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Valinor (Quenya; or Valinórë [valiˈnoːre], meaning "Land of the Valar"), the Land across the Sea, was the realm of the Valar in Aman; the place to which they migrated from their former kingdom Almaren after the destruction of the Two Lamps by Melkor. It was known also as the Undying Lands, as Elves, later joined by the Ring-bearers, dwelt there in eternal bliss.


Karen Wynn Fonstad - Valinor

Domains of the Valar in Valinor from The Atlas of Middle-earth

The major city of Valinor was Valmar, where the Vanyar and the Valar resided. Two other cities were Alqualondë and Tirion, the respective homes of the Teleri and the Ñoldor. The important island of Tol Eressëa was off its east coast.

The sea to its west was called Ekkaia, or the Encircling Sea; it surrounded both Valinor and Middle-earth.

Each of the Valar had their own region of the land where they resided and altered things to their desire. Yavanna, the Vala of nature, growth, and harvest, resided in the Pastures of Yavanna in the south of the island. Oromë, the Vala of the hunt, lived in the Woods of Oromë to the north-east of the pastures. The forest was home to many creatures which Oromë could track and hunt. Nienna, the lonely Vala of sorrow and endurance lived cut off in the far west of the island in the Halls of Nienna where she spent her days crying, looking out to sea. Just south of the Halls of Nienna and to the north of the pastures there were the Halls of Mandos. Also living in the Halls of Mandos was his spouse Vairë the weaver, who wove the threads of time.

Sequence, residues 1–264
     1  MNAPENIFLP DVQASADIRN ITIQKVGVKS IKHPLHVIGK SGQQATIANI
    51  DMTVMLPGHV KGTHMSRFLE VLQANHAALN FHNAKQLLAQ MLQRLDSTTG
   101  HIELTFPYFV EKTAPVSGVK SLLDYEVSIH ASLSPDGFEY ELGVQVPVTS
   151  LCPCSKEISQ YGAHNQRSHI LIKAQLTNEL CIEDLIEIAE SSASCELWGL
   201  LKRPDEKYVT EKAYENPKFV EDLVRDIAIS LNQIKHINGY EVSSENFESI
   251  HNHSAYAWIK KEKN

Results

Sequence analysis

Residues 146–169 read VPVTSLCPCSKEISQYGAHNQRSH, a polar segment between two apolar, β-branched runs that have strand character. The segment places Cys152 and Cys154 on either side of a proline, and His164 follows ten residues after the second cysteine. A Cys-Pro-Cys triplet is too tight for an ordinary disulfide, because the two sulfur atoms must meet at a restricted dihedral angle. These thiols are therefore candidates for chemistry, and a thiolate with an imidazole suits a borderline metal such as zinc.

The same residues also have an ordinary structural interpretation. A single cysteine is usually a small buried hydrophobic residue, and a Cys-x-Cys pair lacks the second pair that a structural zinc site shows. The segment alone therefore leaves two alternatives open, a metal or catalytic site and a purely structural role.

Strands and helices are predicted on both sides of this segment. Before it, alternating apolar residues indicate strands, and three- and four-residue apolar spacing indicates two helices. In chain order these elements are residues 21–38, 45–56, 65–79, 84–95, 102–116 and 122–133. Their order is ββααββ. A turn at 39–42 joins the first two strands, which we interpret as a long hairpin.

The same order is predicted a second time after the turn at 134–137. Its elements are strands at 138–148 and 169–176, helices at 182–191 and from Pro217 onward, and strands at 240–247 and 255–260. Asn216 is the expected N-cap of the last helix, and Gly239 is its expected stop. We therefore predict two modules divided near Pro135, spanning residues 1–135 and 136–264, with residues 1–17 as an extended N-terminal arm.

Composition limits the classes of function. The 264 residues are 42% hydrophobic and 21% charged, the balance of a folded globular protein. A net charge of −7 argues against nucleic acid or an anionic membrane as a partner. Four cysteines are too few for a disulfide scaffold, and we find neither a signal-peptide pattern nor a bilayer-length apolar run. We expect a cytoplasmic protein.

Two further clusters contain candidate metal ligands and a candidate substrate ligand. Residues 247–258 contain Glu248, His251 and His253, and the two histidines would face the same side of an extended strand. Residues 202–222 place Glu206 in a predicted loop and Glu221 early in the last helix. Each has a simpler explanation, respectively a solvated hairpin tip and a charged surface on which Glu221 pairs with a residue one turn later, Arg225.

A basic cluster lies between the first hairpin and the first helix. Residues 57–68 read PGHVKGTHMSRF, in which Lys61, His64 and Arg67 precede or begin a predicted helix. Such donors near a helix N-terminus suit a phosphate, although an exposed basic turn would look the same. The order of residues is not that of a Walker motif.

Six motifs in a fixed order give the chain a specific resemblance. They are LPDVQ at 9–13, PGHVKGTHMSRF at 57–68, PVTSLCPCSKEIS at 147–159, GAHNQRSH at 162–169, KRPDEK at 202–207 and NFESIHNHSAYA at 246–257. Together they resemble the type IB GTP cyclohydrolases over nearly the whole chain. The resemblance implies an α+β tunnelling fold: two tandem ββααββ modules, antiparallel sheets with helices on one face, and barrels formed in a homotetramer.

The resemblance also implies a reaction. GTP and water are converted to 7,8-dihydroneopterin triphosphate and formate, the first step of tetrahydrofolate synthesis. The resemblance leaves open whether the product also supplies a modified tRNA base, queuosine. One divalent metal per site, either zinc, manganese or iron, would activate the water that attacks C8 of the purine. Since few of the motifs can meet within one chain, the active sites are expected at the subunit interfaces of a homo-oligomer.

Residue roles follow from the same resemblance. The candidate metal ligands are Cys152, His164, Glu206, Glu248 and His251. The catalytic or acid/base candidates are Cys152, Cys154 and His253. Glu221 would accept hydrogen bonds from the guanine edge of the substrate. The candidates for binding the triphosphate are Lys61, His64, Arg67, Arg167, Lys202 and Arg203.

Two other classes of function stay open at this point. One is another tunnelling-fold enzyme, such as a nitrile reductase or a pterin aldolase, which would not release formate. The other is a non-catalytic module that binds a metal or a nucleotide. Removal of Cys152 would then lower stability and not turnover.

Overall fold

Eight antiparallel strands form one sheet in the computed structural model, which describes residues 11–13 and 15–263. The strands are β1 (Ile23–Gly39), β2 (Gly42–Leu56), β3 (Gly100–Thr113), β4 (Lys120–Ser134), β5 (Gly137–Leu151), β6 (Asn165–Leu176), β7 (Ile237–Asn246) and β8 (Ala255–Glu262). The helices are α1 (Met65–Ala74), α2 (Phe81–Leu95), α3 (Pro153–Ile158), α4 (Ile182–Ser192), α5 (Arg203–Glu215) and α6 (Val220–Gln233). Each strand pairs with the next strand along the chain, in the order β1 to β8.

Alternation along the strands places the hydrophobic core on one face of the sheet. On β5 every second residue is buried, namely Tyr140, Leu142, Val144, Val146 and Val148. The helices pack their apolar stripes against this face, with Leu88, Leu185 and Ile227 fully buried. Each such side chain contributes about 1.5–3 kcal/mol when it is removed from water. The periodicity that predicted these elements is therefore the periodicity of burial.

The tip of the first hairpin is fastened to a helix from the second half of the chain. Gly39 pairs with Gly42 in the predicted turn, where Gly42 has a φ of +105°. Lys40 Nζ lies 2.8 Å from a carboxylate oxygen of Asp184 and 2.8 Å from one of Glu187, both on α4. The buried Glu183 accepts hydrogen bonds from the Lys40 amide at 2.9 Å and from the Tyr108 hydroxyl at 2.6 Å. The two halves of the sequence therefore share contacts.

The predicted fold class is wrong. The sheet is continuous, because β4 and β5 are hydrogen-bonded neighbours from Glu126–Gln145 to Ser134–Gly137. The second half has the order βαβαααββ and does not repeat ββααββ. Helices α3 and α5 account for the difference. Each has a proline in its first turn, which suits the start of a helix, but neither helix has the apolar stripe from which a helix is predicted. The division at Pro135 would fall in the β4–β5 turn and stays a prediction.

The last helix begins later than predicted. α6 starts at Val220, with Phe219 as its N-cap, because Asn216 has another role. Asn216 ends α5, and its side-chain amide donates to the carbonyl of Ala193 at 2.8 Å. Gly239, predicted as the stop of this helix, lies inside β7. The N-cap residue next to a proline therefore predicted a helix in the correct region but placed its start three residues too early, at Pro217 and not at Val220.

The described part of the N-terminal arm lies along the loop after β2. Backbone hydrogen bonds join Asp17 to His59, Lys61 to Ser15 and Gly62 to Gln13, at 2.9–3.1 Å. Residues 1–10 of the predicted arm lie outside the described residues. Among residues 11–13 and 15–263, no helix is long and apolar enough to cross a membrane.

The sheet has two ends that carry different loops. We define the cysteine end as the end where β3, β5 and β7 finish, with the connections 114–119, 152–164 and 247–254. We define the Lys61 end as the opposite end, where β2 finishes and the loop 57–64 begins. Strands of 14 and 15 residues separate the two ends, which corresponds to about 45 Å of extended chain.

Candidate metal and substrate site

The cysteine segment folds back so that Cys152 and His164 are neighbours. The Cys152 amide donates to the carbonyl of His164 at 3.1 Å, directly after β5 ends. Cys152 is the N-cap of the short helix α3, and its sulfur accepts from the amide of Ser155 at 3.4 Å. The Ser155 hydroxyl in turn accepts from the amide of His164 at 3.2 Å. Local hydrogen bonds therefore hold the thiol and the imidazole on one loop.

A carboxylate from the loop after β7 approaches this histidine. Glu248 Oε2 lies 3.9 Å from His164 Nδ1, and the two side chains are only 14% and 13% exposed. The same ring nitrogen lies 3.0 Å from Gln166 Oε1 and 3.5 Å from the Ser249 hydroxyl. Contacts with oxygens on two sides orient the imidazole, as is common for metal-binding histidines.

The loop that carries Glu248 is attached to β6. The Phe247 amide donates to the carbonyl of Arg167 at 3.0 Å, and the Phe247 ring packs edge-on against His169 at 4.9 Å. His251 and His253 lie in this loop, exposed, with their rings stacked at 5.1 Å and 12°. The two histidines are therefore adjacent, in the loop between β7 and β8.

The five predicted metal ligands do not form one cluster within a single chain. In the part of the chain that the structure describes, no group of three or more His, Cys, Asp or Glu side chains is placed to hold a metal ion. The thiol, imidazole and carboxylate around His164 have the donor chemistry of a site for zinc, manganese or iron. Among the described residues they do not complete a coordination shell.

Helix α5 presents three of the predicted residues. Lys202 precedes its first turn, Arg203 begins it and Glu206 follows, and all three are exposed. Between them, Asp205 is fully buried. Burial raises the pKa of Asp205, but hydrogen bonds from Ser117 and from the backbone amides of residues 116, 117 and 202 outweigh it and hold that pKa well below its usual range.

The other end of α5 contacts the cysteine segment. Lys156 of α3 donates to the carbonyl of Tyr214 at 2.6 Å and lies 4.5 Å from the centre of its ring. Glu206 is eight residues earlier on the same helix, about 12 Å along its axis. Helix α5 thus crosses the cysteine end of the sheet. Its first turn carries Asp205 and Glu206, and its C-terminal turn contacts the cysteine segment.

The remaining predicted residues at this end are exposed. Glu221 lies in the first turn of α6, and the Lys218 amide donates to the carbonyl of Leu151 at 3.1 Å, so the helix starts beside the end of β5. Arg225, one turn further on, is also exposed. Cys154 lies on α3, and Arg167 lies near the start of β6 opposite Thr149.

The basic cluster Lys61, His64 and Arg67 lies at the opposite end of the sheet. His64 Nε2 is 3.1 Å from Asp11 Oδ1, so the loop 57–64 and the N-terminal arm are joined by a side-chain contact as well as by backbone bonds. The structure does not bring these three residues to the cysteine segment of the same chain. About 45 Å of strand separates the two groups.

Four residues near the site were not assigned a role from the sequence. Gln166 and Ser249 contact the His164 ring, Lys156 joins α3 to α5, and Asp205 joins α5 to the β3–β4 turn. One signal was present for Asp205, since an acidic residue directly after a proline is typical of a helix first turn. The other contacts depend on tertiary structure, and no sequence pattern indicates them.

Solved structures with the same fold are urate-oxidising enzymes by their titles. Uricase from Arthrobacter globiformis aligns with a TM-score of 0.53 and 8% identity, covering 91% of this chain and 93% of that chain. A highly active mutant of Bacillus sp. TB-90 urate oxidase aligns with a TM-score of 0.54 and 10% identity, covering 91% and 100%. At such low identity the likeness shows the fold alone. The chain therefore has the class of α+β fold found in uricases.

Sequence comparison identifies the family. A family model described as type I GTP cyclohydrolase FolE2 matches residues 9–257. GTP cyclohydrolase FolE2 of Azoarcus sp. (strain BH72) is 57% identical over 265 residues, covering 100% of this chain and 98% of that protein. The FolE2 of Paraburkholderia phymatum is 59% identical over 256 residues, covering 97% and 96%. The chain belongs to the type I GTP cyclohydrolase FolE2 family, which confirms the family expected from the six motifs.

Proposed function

To the east of the Halls of Mandos was the Isle of Estë, which was situated in the middle of the lake of Lorellin which in turn was situated to the north of the Gardens of Lórien (not to be confused with Lothlórien in Middle-earth) which was created by the same Valar, Lórien also known as Irmo, the Vala of dreams. Estë and Lórien being husband and wife lived close together. To the north of this were the Mansions of Aulë the smith Valar who was spouse to Yavanna. In the north-east lay the Mansions of Manwë and Varda, the two most powerful Valar, also married. To the west of them stood the Two Trees of Valinor. The entire land of Valinor was surrounded on three sides (excluding the north which was instead protected by ices flows) by a huge mountain range called the Pelóri mountains. In the extreme north-east, past the mountain range was the pass of Helcaraxë, a vast and treacherous ice sheet which in the beginning, before the War of Wrath, joined the two continents of Valinor and Middle-earth. In the beginning, the Ñoldor, tricked by the evil Vala Melkor passed this way to go back to Middle-earth, among those was Galadriel. Those who so rebelled were not allowed back to Valinor for many years, as of the Hiding of Valinor, but in the end pity was taken on them when Middle-earth began to fade and pass into the age of Men, and the exiled Ñoldor were allowed to pass back to the Undying Lands of their own accord when they felt ready to do so.

Map of Valinor

Also, for a time after the exile of the Ñoldor and before the ruin of Númenor, a long chain of small islands called the Enchanted Isles ran the full length of the east coast to the continent. The enchanted islands and a bewildering shadow created the Shadowy Seas, which prevent mariners, mortal or immortal, from reaching the land by sea (by the Belegaer, the Great Sea which separated Middle-earth and Valinor. (Until the Changing of the World, the isle of Númenor was in the center of this Sea.) The enchantments protecting Valinor lasted centuries until Eärendil was guided through the Shadowy Seas by the light of the Silmaril, brought on board by his wife Elwing. They sailed on Vingilot, said to be the fairest ship ever fashioned, constructed by Eärendil and Círdan the Shipwright.

After the First Age[]